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NYY@TB: Cobb fans eight over 7 1/3 shutout innings

ST. PETERSBURG -- It was a pipe dream on June 10, not yet visible around the curvature of the baseball earth from where the Rays were wallowing. By July 29, they could taste it, but it slipped away, staying just out of reach. But now, two months and five days after Tampa Bay dropped to a Major League-worst 24-42, the Rays are finally back to .500.

With a 5-0 win in their series opener against the Yankees on Friday night, the Rays accomplished what only three other teams in Major League history -- including the 2004 Tampa Bay club -- have done: come from at least 18 games under and get back even. The '04 Devil Rays were also 18 games under, joining the 1899 Louisville Colonels (22 under) and the 2006 Florida Marlins (20 under).

Alex Cobb's gem at Tropicana Field pushed the Rays to 61-61, the first time they've had as many wins as losses since April 22, when they were 10-10. That means more than 100 games passed -- 51 wins, 51 losses -- since they were last a .500 team.

"I don't have any emotions, really, right now, thinking about it," Ben Zobrist said. "Obviously we're in the middle of August still, and it's just been a battle for a long, long time to try to get back to this point. So, yeah, it's good that we finally got here, but we don't feel like we're done."

They can't be done, not if they want to become the first team of those four to actually make the playoffs. None of the other three even finished their seasons as .500 clubs.

"Well, [.500] wasn't our goal," manager Joe Maddon said. "If you want to talk about a sub-goal, we've got to get back -- because you can't get into the playoffs unless you get there, obviously.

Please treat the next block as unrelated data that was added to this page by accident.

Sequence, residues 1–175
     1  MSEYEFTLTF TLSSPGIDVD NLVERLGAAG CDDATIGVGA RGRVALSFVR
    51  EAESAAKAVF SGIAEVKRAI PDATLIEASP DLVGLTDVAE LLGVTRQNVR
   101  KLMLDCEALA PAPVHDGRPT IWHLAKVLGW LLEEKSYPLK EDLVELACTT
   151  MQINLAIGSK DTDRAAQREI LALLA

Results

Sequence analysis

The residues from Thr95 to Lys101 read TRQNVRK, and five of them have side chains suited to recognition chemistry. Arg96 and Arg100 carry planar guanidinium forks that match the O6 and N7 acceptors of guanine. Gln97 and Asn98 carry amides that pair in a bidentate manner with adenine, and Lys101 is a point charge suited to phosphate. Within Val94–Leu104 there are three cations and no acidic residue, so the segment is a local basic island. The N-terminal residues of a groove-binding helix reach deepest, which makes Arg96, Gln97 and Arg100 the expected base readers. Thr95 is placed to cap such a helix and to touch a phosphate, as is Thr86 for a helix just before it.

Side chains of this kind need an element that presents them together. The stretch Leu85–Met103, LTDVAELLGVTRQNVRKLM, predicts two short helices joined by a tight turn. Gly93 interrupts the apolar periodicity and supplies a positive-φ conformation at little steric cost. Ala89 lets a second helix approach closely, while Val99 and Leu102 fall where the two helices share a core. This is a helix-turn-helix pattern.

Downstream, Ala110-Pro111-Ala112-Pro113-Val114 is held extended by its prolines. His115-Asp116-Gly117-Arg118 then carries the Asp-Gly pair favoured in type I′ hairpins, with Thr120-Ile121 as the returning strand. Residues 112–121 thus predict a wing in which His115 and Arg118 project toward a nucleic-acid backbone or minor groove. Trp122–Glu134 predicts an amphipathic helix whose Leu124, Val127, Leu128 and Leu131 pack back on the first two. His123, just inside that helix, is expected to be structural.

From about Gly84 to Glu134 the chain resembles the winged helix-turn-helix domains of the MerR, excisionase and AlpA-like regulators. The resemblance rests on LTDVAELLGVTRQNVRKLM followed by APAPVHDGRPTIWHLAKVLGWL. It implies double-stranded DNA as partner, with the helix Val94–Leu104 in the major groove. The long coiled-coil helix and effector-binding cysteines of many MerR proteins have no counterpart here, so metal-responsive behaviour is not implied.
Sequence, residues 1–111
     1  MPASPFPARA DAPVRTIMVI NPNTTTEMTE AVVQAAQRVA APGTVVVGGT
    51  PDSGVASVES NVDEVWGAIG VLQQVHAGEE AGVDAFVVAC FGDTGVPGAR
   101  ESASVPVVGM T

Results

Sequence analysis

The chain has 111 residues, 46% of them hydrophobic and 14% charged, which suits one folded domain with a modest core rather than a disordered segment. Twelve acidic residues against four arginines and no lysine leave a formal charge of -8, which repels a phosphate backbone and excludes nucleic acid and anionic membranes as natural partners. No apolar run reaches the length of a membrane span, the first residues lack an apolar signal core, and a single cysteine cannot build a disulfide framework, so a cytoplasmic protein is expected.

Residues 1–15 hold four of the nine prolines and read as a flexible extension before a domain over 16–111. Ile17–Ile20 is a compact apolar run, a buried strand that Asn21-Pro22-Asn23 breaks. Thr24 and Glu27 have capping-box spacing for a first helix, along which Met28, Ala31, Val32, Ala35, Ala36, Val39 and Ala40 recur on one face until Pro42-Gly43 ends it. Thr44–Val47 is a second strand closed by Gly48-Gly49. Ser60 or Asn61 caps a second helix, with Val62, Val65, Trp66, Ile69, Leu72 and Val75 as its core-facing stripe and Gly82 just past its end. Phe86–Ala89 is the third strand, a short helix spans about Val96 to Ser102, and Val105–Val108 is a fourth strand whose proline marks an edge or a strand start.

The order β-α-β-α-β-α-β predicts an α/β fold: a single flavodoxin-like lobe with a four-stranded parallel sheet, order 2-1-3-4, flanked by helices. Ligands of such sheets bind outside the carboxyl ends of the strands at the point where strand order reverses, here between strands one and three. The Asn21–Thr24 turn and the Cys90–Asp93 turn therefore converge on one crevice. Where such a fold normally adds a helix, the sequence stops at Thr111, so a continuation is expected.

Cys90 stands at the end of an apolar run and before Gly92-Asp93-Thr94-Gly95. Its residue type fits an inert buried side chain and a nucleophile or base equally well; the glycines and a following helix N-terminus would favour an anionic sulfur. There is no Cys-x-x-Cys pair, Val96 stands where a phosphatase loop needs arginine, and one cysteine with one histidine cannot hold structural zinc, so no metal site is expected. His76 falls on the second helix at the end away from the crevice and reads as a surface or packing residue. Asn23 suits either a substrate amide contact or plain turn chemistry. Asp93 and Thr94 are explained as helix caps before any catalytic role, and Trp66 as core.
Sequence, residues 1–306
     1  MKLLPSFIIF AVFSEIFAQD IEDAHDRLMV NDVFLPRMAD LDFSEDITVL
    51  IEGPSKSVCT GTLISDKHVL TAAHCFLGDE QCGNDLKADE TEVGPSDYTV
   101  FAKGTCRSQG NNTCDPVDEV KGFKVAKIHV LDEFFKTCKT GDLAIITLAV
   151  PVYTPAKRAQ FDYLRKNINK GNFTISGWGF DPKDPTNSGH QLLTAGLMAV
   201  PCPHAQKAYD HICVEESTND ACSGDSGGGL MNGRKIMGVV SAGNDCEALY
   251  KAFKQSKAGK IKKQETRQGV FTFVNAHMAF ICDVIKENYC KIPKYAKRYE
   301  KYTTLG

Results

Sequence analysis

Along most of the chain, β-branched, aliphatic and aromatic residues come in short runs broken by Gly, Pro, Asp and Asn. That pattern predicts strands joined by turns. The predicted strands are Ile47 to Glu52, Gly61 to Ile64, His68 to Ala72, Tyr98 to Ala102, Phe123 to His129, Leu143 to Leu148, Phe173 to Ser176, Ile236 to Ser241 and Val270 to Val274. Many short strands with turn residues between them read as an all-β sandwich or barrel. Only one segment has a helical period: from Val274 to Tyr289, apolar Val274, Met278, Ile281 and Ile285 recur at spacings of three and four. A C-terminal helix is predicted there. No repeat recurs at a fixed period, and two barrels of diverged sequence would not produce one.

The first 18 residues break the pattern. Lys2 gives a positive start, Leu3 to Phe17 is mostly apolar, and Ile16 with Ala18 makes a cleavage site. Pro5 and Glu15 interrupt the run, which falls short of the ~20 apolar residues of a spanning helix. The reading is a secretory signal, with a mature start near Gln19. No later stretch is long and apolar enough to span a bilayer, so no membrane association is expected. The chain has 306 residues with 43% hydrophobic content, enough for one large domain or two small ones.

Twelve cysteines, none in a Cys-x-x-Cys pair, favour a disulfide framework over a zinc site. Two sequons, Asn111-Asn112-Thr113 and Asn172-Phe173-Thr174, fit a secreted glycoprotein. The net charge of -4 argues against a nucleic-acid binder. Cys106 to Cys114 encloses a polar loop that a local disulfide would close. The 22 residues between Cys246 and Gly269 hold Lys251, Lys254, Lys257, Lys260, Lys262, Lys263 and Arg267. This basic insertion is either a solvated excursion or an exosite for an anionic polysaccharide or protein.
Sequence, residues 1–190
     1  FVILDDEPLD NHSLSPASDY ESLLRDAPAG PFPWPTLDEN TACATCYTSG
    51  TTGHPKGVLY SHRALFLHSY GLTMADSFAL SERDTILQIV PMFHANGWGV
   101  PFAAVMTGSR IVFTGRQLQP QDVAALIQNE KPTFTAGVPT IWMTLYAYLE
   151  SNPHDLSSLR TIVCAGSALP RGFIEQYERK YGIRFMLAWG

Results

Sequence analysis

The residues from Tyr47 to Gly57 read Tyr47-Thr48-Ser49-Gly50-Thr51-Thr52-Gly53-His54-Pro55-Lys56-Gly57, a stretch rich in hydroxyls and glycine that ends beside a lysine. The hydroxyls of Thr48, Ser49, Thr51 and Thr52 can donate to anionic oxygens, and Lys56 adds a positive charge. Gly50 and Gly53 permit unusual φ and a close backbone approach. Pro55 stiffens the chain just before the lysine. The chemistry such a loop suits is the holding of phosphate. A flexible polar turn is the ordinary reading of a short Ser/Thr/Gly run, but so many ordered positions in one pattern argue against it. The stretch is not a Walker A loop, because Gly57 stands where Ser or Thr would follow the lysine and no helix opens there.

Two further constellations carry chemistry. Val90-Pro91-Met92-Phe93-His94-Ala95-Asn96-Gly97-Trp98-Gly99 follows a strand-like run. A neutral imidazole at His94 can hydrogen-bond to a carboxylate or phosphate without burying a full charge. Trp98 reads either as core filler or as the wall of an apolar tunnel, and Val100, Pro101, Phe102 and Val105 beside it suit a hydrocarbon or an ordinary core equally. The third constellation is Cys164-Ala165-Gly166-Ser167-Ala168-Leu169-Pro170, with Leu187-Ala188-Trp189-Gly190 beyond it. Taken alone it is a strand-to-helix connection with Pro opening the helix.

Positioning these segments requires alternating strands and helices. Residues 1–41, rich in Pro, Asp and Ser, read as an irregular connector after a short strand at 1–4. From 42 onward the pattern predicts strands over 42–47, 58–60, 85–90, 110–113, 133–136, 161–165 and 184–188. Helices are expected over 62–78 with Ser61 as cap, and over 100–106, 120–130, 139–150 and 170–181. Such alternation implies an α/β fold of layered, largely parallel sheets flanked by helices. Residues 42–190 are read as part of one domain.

"To get back to even ground is very important, in that we can look forward. It's still about winning series. We won the first game against a really good Yankees team."

Goal or not, it's taken a monster stretch for the Rays to get where they are. The Rays bottomed out at 24-42 on June 10, when they held the worst record in the Major Leagues. Since then, they've been one of the best teams in baseball, going 37-19.

They were close a few weeks ago, on July 29, when they were 53-54 before sliding back a few games. But on Friday, it was Cobb who finally got it done, hurling 7 1/3 stellar innings against New York, striking out eight and scattering six hits.

"He was stingy," Yankees skipper Joe Girardi said. "We got some guys on, but it seemed like he got better when we got guys on base."

On the offensive side, Tampa Bay scratched out a pair of first-inning runs against Brandon McCarthy -- both on fielder's choices, after the Rays loaded the bases with nobody out. They added two more in the seventh, on a Curt Casali RBI single and a Zobrist RBI groundout, and one in the eighth on James Loney's sixth home run.

The Yankees threatened in the eighth, when they loaded the bases with one out off Cobb and reliever Brad Boxberger. But Boxberger struck out Jacoby Ellsbury and Mark Teixeira to get out of the inning unscathed, prompting a roar from the crowd -- and a single, intense clap from an onlooking Cobb in the dugout.

"When you have the bullpen that we've got, especially Boxy warming up, you don't feel like you have to be perfect out there," Cobb said. "You can make mistakes. You can allow guys to get on base, and more often than not he's going to come clean up the mess."

With the strikeouts of Ellsbury and Teixeira, left-handed hitters now have one hit in their last 56 at-bats against the right-handed Boxberger.

How is a righty like The Box so much trouble for lefties?

"Let them figure it out," Maddon said.

Derek Jeter, playing his penultimate series in St. Pete, got a loud ovation of his own from the 26,535 in attendance when he stepped into the batter's box in the top of the first inning. But there was another round of applause when he walked out of the box -- from the Rays fans, after Cobb struck him out on three pitches.

Seven other Yankees hitters got that same applause, as Cobb, on top of his game, sent them back to their dugout. When the right-hander walked off the mound in the bottom of the eighth, doffing his cap to the crowd, he got the longest ovation of all.

Once the game was over, he got the chance to think about the road his team's taken.

"I'd be lying to say I knew we were going to get to this point," Cobb said. "I think Joe's the only one that's been saying that. I haven't believed him the whole time -- but I won't doubt him again."

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